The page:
30 October 2015
Researchers from the Australian Technology Network of Universities (ATN) will be supported to further explore the origins of the universe (Curtin), create a new generation of biosensors to better detect virus contamination of our water and food supplies (UniSA), and improve the performance of lithium-oxygen batteries for electric vehicles which could potentially impact global emissions (UTS).
ATN Universities were awarded $30.5million in the Australian Research Council Major Grants 2016 announcement, made by the Federal Minister for Education and Training, Senator the Hon. Simon Birmingham at the National Wine Centre today.
ATN researchers were awarded 55 Discovery Projects receiving $19.5m and 5 Linkage, Infrastructure, Equipment and Facilities grants totalling $2.3 million.
25 ATN early career researchers have been recognised through the Discovery Early Career Researcher Awards, winning more than $8.6million to engage in research that includes helping to develop a sustainable workforce in the publicly funded disability sector (RMIT) and developing more effective ways to engage young people with science at school (QUT).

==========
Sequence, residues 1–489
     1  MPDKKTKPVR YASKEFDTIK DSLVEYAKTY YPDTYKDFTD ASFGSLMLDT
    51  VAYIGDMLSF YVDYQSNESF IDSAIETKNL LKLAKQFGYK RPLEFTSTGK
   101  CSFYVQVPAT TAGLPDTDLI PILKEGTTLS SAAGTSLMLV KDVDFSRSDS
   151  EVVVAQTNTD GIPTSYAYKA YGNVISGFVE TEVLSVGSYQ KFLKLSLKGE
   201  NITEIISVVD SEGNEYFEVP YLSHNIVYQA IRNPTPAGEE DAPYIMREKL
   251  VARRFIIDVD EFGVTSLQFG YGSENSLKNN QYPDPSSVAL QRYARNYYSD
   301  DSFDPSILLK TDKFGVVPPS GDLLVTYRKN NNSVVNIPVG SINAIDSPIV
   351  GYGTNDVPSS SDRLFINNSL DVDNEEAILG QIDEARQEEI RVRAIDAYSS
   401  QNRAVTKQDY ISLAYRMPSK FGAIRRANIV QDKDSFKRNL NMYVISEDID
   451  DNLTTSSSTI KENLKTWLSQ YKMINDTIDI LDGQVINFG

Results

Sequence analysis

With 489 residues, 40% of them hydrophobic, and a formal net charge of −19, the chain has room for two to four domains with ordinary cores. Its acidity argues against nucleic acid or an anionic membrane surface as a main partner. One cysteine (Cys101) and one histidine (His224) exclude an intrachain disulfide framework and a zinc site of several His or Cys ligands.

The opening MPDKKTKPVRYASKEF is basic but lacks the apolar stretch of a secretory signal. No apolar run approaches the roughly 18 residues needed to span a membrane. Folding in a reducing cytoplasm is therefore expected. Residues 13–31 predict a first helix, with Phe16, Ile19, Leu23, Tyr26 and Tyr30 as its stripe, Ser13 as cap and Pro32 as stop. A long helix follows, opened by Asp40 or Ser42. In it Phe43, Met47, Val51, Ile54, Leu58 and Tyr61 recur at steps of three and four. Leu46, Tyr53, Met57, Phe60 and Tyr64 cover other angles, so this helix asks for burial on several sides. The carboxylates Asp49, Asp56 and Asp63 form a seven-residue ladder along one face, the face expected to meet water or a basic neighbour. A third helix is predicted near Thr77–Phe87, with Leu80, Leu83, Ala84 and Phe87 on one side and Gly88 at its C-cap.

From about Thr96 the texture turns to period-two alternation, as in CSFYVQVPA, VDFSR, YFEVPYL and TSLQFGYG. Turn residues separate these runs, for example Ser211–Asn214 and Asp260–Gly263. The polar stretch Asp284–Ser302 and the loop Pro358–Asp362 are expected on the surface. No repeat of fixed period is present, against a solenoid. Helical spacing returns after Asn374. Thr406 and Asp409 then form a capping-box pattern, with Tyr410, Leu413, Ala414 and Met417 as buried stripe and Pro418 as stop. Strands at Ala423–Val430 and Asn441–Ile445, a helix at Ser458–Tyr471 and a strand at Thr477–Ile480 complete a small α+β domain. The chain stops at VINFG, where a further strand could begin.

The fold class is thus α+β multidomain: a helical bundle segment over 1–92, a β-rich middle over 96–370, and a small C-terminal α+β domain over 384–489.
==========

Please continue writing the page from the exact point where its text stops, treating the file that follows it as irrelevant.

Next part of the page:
ATN Executive Director, Renee Hindmarsh, congratulated the recipients of the ARC grants.
"The research that will be conducted at ATN universities as a result of these grants will undoubtedly have impact and has the potential to change the way we live our lives."
"There was a 37% increase from last year in the young researcher grants category and this bodes well for the future of ATN research, creating a national talent pipeline".
Details of all the successful ATN projects can be found here.
Media contact: Renee Hindmarsh Mobile: 0416 265 038